Country Living (UK)
STEP INTO THE STUMPERY
At Arundel Castle, spring flowers sparkle among twisted tree roots in an enchanting garden created from the casualties of the great storm of 1987
Among twisted tree roots, an enchanting garden thrives at Arundel Castle
Vivid and irresistible, the Stumpery at Arundel Castle in West Sussex erupts in May with purples, pinks, blues and acid greens, as flowers, tendrils, leaves and fronds weave themselves in and around a scaffold of upturned roots, as bleached and bony as the remains of horned beasts. Created in 2014 by visionary head gardener Martin Duncan and his talented team, using casualties of the great storm of 1987 collected from across the Arundel Estate, this is an intensely gardened corner of the walled garden, with the soaring Gothic revival traceries of the town’s cathedral as a spectacular backdrop. A stumpery is an arrangement of tree stumps and the plants that might grow among them on the woodland floor, and although Arundel’s is on a grand scale, a garden of any size can be sprinkled with a little bit of this sylvan magic. If stumps are in short supply, they can be supplemented with logs, driftwood and bark to create a similar effect, and although stumperies have traditionally been created for shady areas that mimic woodland conditions, there are other possibilities, as Arundel’s technicolour example so brilliantly shows.
Shade-loving plants, including tree fern Dicksonia antarctica, are arranged against the wall here, but as the majority of Arundel’s Stumpery enjoys plentiful light, it is suitable for an eclectic mix of plants. Euphorbia characias subsp. wulfenii, or Mediterranean spurge, with its large, rounded heads of chartreuse ‘bracts’, rubs shoulders with sun-tolerant ferns such as Dryopteris wallichiana, the alpine wood fern, which has dark, scaly midribs. Alliums, including Allium hollandicum ‘Purple Sensation’, pop up among the super-sized, puckered blue-green leaves of Hosta sieboldiana var. elegans. “Visitors sometimes think the allium flowers belong to the hostas,” Martin says. “We’re trying to make something unusual and fun, a contemporary version of a traditional feature.”
A Victorian invention, the first stumpery was created at Biddulph Grange in Staffordshire in 1856, described in
The Gardeners’ Chronicle as ‘a rustic root garden’, where hundreds of stumps were packed closely together to a height of three metres each side of a woodland walk. The idea soon caught on but was short lived, although in recent times, Prince Charles’s theatrical version at Highgrove House, designed by Isabel and Julian Bannerman, has sparked a resurgence of interest.
Dead and rotting wood provides an important habitat for many invertebrates and consequently draws the birds and small mammals that prey on them, including hedgehogs, so this is a great way of attracting wildlife to any garden. Arundel’s Stumpery is home to rare stag beetles that lay their eggs in decaying wood, so called because the male’s large jaws resemble antlers. “Although they will rot away eventually, the stumps are hardwood, mostly yew, sweet chestnut and oak, so they will last a lot longer than softwood species such as horse chestnut,” Martin explains.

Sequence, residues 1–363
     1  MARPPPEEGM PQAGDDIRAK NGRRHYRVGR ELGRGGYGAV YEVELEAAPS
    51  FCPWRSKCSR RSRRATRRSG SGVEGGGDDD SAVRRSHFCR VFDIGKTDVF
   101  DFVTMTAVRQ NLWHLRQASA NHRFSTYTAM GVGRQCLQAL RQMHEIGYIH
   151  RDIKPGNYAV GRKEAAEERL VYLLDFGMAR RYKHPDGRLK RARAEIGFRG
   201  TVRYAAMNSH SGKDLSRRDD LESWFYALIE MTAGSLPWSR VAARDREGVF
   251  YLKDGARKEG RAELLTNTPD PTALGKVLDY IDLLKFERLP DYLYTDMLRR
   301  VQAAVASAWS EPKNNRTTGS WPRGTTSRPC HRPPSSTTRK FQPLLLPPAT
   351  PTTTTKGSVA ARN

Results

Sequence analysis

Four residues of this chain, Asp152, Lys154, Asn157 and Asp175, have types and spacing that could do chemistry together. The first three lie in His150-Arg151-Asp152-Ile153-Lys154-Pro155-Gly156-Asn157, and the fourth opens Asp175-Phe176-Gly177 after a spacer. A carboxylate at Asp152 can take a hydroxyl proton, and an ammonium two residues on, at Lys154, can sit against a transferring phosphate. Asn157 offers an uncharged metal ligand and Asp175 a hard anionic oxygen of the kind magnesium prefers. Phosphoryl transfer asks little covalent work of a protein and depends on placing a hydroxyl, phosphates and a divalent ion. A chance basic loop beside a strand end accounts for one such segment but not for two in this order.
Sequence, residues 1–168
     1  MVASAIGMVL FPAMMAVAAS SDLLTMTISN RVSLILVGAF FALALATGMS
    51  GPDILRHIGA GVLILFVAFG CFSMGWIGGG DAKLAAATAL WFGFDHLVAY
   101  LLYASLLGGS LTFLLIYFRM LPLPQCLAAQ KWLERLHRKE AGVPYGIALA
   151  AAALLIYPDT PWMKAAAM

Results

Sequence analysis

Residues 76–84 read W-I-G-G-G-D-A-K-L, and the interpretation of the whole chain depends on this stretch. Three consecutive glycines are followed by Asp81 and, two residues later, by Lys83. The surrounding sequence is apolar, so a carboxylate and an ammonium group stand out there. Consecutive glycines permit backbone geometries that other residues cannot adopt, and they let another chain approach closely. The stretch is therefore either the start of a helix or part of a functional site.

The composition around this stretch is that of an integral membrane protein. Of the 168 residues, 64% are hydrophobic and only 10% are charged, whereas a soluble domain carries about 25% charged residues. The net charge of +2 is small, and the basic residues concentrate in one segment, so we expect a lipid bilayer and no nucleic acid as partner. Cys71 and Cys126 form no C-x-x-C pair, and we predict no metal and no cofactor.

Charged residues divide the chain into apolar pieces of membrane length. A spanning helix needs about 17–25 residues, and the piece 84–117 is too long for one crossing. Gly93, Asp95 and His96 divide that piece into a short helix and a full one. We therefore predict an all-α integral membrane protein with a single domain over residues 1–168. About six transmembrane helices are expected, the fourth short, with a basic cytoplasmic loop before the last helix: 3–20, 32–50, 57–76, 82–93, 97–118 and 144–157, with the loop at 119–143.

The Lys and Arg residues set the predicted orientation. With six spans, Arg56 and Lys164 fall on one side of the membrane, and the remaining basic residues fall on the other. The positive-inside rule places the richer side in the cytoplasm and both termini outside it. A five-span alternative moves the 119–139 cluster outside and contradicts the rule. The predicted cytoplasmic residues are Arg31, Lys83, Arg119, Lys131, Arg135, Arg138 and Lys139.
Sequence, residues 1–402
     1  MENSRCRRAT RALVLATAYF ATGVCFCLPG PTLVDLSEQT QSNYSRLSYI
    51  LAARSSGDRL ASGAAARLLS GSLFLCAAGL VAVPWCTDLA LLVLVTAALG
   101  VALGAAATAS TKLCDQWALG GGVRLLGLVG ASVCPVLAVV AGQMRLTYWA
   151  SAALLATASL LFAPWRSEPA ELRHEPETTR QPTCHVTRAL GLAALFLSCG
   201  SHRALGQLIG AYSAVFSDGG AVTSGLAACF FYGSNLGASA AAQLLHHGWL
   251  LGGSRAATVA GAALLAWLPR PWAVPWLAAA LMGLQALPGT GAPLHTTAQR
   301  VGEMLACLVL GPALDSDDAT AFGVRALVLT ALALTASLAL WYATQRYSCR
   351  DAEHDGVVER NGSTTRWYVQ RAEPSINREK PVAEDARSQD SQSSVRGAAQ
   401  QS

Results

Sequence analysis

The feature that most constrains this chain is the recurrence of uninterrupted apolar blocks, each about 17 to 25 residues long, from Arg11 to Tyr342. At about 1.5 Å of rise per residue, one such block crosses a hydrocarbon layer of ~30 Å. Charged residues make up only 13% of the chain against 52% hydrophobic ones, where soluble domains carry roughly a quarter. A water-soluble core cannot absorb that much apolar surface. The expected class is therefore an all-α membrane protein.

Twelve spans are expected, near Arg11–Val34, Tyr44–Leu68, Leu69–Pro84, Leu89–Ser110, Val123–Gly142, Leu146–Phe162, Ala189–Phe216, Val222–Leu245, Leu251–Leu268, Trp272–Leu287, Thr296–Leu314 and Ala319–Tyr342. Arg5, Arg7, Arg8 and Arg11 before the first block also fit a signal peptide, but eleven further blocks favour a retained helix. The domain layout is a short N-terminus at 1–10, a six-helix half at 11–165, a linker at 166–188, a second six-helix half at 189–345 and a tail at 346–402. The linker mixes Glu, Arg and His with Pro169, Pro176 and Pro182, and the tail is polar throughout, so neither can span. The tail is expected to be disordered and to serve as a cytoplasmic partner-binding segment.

It took him four days to arrange the stumps, aided by a contractor with a mini-digger: “We turned all the big ones upside down and sank them about a metre into the ground. You have to bury enough of the stump to make it safe and look natural.” Three were interlocked on a mound of earth to create a three-metre-high centrepiece that echoes the traceries of the cathedral behind. Spaces between the roots were then packed with soil and masses of leaf mould. Bracken has made an appearance and Martin thinks that this may be because some roots still held onto soil and stones from their original locations. “I don’t mind. I quite like its structure and we just keep on top of it by regularly pulling bits out,” he says.
Small plants such as wild strawberries and primroses seed themselves into cracks and fissures, and a colony of London Pride Saxifraga x urbium thrives in a shallow trough between silvery,
pointed roots as if scooped up by a pair of lignified jaws. Martin likes to encourage colonisers by scattering seeds of field poppies and cornflowers into the stumps. They are well populated with mosses, lichen and fungi now, too – the fruiting bodies that pop out from time to time are a clue to the process going on inside.
For early spring colour, Martin brings delicate species tulips on in pots and drops them into gaps, and in early summer, Dierama pulcherrima, or angels’ fishing rods, cast their arching stems of pink flowers into the mix among martagon lilies and lupins. So many plants are packed into the Stumpery that weeds are not much of a problem. Copious leaf mould is added every year and dead foliage and flowers are tidied up when necessary.
In 2017, three liquidambar trees, Liquidambar styraciflua, were added to the Stumpery, part of a group that was used to decorate the Cathedral for the wedding of the Duke and Duchess of Norfolk’s eldest son (Arundel Castle is the seat of the Dukes of Norfolk). They bring some dappled shade and wonderful autumn colour to the garden as their star-shaped leaves turn orange, crimson and purple before falling.
“Children seem to like the Stumpery a lot. I’ve heard it called the Hobbit garden and the Harry Potter garden. I think it allows them to use their imaginations and disappear into another world,” says Martin, who likes this area of the garden best in winter when the stumps stand out in all their glory. Garden cats Tilly and Pippin enjoy it, too, sharpening their claws on the rough wood. Whether on two, four or even six legs, this dream-like garden has something for everyone.
FOR MORE INFORMATION on the gardens at Arundel Castle in West Sussex, visit arundelcastle.org.